In order to understand the two forms of social justice emerging in the earth, we must understand something that I like to call "minoritarianism" and the way this influences a secular liberation gospel. As a graduate student of architecture, some of my theoretical research has included the study of philosophies by Guiles Deleuze. (Bear with me for a second as I use some of his work to build a framework for this discussion.) The "Minoritarian" regularly shows up in his writings. Verena Conley, in her essy "Minoriatarian" explains Deleuze's understanding of the minority not by the "paucity of numbers," the standard half minus one, " but by its capacity to become." Deleuze, like most academics, refers to the majority as the social constant with the ability to exalt power and domination, rather than the standard thinking of the majority of half plus one. The difference between the majority and minority does not exist in quantity of numbers, but rather in power relations. In this case, the minoritarian is a force always in subject to the majority's power. Therefore, the minoritarian is in a state of creative potential often with constraints from the majority.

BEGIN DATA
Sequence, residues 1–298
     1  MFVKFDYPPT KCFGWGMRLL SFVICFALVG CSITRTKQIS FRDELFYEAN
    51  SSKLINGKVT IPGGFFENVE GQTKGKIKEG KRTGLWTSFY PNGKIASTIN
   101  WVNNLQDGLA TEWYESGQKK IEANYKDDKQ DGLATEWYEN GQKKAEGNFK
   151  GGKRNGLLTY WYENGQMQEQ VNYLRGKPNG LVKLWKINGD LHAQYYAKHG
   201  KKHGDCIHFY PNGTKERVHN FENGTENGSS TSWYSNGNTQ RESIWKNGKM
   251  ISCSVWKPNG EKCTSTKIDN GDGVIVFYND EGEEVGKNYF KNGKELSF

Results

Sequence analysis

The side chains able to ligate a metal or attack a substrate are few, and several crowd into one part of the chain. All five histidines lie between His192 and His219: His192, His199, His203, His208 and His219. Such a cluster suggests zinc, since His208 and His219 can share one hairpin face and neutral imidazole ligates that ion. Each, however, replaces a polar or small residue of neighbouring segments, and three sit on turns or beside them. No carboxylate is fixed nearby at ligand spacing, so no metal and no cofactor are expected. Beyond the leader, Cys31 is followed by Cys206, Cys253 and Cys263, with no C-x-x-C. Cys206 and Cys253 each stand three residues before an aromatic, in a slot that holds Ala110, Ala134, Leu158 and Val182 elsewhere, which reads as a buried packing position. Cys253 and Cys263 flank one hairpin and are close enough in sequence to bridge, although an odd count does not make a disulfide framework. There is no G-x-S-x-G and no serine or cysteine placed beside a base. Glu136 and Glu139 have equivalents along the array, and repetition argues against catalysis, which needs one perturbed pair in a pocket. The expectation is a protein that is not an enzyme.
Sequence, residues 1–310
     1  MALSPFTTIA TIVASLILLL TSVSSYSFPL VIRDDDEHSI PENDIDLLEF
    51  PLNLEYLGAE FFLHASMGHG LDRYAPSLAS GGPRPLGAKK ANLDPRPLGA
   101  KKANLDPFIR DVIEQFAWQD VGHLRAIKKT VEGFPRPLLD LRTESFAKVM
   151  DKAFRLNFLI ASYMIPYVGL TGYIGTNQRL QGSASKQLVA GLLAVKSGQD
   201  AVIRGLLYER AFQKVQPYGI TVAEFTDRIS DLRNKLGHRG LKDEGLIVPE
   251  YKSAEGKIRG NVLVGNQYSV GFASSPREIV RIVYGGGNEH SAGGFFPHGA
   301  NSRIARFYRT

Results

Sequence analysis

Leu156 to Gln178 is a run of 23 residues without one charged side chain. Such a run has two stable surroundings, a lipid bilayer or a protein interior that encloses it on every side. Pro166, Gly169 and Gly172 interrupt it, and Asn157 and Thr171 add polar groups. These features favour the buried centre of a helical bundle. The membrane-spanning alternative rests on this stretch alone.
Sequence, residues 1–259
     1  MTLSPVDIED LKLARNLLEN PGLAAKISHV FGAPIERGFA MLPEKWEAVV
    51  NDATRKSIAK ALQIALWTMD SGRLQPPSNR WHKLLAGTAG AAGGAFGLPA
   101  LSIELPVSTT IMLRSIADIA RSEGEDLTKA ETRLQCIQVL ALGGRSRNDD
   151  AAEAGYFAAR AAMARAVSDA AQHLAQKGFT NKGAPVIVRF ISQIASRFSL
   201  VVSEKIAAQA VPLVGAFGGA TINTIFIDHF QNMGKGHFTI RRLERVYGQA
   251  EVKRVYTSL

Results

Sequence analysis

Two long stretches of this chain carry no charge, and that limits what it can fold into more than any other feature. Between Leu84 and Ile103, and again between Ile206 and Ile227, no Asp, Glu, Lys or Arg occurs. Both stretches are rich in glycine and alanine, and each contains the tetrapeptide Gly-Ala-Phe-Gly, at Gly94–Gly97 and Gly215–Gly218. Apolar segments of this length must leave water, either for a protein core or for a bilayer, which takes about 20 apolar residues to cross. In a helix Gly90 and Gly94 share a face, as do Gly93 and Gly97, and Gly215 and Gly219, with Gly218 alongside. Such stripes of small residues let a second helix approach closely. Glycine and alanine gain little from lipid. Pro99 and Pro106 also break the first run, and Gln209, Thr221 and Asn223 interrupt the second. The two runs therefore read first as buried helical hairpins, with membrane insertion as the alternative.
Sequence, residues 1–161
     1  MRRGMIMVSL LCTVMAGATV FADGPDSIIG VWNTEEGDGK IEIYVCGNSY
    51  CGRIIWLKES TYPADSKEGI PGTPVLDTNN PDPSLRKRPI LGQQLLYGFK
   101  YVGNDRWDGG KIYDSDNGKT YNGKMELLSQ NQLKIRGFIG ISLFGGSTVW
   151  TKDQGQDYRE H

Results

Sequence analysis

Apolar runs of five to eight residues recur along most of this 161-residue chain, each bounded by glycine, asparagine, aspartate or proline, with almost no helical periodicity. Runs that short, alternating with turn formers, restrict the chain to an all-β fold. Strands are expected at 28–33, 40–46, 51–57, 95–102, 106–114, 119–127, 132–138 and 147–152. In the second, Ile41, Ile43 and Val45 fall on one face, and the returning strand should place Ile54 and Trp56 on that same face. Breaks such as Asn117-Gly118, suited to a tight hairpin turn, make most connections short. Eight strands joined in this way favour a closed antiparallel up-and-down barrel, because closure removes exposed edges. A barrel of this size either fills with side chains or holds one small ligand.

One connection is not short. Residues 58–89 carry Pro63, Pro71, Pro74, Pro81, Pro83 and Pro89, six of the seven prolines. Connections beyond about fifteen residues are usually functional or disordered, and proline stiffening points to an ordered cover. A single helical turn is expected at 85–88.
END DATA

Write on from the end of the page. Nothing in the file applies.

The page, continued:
The way this translates through in regular language and in most liberation movements is that the minority is always the victim of the majority's controls. In contemporary culture, this is why we have terms such as "reverse racism," rather than simply allowing any state of of animosity between races to simply be called "racism." The "norm" of a majority group dominating a minority group allows the insertion of "reverse," and in some cases even excuses what many would consider racist behavior from the minority. This is a philosophical mindset that has permeated contemporary culture.